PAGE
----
The division likes to speed up and rush the process. To that end, it often limits how much time the psychologist spends with patients. It is not uncommon, for instance, for the psychologist to only spend 30 minutes interviewing each patient! Meanwhile, the psychologist may administer a variety of tests, which can be interpreted in diverse ways. The division often rushes the report-writing process, as well. For instance, a psychologist might meet with you on a Monday and have to prepare a report for the court about you by Wednesday.
Many psychologists genuinely want to help and get to the truth of a given situation. But how well can you really come to understand a complex human being in 30 minutes?
Your attorney should scrutinize the report and thoroughly cross-examine the psychologist:
How long did the psychologist give you to take various tests?
Your attorney may be able to highlight biases or expose vague or unsupported conclusions. A thin, shallow, inaccurate analysis of your personality or of a reaction you had to an event or to some arbitrary test should not be permitted as evidence against you.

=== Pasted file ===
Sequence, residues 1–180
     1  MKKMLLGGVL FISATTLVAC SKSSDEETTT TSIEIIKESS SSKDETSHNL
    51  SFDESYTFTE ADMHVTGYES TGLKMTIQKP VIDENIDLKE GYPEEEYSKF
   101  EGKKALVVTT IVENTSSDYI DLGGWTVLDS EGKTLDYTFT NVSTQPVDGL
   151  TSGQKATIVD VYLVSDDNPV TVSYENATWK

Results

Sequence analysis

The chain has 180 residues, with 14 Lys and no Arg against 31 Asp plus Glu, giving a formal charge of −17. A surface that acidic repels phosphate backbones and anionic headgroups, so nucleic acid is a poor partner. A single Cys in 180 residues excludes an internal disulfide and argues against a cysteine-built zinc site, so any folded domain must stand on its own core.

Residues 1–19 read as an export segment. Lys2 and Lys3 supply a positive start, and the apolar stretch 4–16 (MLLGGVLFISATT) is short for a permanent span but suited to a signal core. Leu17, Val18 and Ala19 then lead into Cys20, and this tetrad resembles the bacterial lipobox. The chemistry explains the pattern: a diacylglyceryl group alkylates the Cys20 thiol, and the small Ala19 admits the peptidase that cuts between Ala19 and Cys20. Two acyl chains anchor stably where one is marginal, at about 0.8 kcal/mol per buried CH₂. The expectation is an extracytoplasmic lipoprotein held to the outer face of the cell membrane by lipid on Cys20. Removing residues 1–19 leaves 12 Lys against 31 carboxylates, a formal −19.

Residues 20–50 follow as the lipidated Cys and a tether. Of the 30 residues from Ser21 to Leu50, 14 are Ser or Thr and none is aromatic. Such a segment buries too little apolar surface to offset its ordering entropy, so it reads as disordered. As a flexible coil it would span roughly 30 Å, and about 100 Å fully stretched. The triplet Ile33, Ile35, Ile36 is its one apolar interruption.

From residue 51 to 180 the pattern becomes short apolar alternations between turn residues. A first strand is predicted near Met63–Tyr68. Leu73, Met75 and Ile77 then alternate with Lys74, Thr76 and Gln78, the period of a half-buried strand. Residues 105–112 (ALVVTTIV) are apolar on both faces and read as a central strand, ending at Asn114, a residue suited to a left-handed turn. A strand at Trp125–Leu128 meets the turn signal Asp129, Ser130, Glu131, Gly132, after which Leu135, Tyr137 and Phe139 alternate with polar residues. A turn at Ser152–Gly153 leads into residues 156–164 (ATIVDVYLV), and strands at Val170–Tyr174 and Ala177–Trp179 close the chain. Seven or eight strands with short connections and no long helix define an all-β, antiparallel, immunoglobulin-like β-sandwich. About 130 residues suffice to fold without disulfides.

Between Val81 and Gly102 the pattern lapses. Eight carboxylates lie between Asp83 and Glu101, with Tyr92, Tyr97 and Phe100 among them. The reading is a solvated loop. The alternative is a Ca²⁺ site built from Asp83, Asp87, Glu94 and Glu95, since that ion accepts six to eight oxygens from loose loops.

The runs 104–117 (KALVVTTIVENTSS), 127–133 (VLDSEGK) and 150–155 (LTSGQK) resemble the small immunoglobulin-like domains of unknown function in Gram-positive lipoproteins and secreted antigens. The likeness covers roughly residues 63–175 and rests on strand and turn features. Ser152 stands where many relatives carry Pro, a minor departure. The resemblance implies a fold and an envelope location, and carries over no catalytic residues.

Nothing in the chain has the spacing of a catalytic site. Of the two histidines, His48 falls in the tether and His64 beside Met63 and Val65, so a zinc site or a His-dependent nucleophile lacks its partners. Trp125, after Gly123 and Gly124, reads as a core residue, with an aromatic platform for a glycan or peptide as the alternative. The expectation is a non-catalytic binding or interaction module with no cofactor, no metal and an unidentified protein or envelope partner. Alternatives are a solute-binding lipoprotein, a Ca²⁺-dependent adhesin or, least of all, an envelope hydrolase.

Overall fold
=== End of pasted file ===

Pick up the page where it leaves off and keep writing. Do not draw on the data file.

Before meeting with the psychologist, work with your attorney to come up with a game plan. Obviously, you don’t want to lie or behave in an uncivil fashion. Be authentic, and demonstrate your compassion and empathy. You have nothing to hide, since the charges against you are exaggerated or untrue altogether. But you must be strategic in how you present information once the Court is involved.
Meeting with a psychologist is not the same as getting interrogated by the CIA. However, you still want to parse your words carefully and come across as your best self. Dress appropriately, and make sure you shower and get enough sleep and enough to eat before the appointment.
For skillful, experienced assistance battling back against untrue allegations of child abuse or neglect, call the Williams Law Group, LLC immediately at (908) 810-1083.